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Cyprus - Biblical Sites in Greece


Acts 4:38; 11:19,20; 13:4; 15:39; 21:3,16; 27:4


Departing from the Seleucian port, some 16 miles from Antioch, the team arrived by ship into the port of Salamis on the eastern side of Cyprus in an undisclosed amount of time (probably two days by sail depending on winds). After preaching in the synagogues of the city, they proceeded across the island as far as Paphos, a port on the west of the island (Acts 13:4-6).

The long island of Cyprus (225 kilometers) is the largest island of the eastern Mediterranean, situated about 100 kilometers off the Syrian coast (as well as the same distance south of the Turkish coast). Cyprus is not mentioned by name in the Hebrew Scriptures, but reference to the "Kittim" (Gen. 10) was probably the inhabitants of Kition (near modern Larnaca). By the time of St. Paul's journeys, Rome was mater of the island, though it acted with much autonomy.

Though Cyprus was log considered an ally of Rome, it was historically Egyptian controlled. The island became a Roman province in 58 BCE (initially as an annex of Cilicia), but in 47 BCE the island was returned to Egypt. With the suicide of Cleopatra (31 BCE), Cyprus came under direct Roman control. Later (22 BCE) Augustus proclaimed Cyprus one of the senatorial provinces under a praetorian Proconsul.

The specific route of their land journey is not specified in the text, yet there are arguments to suggest the route may be along the major Roman route of the day. First, St. Paul and St. Barnabas appear to intend to make their way in haste, and do not plan to spend an excessive amount of time in any one city. Though they had been directed by the Spirit of God and the Church at Antioch, the actual plan of the trip is undisclosed in the narrative. Second, on other journeys they took advantage of the Roman roads. Scholars suggest that St. Paul used the Via Sebaste to access Pisidian Antioch in the First Journey, as well as the Via Egnatia to cross from Neapolis to Berea in Macedonia in the Second Journey.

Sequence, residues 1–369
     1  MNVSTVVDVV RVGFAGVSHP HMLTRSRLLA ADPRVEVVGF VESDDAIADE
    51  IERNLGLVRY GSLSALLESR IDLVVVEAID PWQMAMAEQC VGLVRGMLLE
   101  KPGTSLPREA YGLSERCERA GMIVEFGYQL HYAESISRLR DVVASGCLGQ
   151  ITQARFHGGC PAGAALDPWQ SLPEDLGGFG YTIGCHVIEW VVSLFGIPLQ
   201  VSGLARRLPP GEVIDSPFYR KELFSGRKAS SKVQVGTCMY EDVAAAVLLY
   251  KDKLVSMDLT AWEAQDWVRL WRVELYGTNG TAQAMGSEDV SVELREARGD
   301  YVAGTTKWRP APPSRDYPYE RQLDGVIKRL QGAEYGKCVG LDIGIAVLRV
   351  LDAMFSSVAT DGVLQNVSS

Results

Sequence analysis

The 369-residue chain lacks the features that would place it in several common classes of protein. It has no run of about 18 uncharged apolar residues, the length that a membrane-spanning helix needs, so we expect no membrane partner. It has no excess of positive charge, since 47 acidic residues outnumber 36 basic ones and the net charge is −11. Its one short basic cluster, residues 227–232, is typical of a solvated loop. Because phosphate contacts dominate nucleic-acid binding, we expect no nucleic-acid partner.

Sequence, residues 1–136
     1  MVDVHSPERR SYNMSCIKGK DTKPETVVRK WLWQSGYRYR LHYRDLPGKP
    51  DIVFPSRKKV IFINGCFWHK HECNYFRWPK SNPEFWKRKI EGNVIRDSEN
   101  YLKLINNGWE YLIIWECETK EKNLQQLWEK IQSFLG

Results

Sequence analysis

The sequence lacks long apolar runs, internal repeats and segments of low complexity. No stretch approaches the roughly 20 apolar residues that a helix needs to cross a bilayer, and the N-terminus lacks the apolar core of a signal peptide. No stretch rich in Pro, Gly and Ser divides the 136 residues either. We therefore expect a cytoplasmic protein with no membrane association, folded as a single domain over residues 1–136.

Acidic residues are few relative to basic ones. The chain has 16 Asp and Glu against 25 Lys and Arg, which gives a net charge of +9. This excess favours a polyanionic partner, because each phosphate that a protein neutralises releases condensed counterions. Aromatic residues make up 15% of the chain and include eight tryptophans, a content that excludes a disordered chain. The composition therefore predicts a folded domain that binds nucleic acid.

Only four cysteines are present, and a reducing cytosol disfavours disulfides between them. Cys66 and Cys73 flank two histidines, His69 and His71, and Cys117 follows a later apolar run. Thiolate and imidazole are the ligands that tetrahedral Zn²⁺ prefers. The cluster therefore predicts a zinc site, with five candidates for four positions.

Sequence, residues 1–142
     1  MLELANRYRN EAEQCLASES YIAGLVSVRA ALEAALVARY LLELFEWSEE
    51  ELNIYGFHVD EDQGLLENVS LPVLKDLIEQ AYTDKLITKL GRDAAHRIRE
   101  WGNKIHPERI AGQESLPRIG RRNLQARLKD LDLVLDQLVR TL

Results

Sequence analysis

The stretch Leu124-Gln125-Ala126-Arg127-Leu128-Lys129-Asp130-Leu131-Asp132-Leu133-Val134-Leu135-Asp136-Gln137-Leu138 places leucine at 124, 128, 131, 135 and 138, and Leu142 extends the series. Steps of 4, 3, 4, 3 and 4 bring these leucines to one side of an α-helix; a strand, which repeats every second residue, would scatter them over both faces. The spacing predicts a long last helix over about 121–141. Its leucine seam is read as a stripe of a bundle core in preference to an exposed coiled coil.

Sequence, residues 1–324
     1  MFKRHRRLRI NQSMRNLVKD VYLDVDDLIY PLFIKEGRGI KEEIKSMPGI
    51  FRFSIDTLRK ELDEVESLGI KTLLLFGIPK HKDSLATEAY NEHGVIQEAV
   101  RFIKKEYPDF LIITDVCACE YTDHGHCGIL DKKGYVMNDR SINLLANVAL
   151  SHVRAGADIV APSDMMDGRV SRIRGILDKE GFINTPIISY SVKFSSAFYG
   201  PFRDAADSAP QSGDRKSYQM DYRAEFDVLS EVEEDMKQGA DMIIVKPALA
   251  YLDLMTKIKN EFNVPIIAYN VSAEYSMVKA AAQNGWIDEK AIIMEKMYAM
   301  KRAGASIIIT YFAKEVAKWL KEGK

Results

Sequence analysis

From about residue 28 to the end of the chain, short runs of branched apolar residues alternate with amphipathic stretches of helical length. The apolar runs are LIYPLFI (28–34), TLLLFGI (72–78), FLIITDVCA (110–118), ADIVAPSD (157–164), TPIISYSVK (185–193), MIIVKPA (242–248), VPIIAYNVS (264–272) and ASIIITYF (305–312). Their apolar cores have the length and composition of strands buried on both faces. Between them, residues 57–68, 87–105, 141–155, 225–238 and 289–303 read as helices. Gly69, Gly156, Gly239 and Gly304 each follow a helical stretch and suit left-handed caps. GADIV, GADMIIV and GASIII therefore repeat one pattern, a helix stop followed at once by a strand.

In the case of the Cyprus journey, the men had opportunity to access a roadway from the east coast of Cyprus to the west. They apparently had two choices for the journey, one following the northern coast, and one to the south. A number of scholars have accumulated careful evidence for the roads between Salamis and Paphos using traveler itineraries found in Roman record, and following the archaeological discoveries of Roman milestones.

The route favored by scholars was that which headed for Citium on the south coast, westward to Amathus, continuing to Curium and terminating in Paphos. The southern journey could have been made between Sabbaths, but may have extended a day or two longer. The route no doubt took them along the path of some significant pagan centers.

Though the only cities on Cyprus mentioned in the narrative of Acts are Salamis and Paphos, St. Paul and St. Barnabas no doubt traveled by way of other cities en route. If they used the road along the south coast as suggested, they would have passed through Citium, Amathus and Curium before reaching Paphos. Amathus had been granted the status of asylum in 22 CE because of their civic sanctuaries, as had the cities of Salamis (Olympian Zeus) and Paphos (Paphian Aphrodite). Amathus boasted a sanctuary of Aphrodite.

St. Barnabas and John Mark returned to the island when St. Paul left with Silas to Asia Minor to take the message of the Jerusalem Council (Acts 15:39) but no firm knowledge of their itinerary was preserved. The mark of St. Barnabas on the island is unmistakable in the various traditions and local churches.


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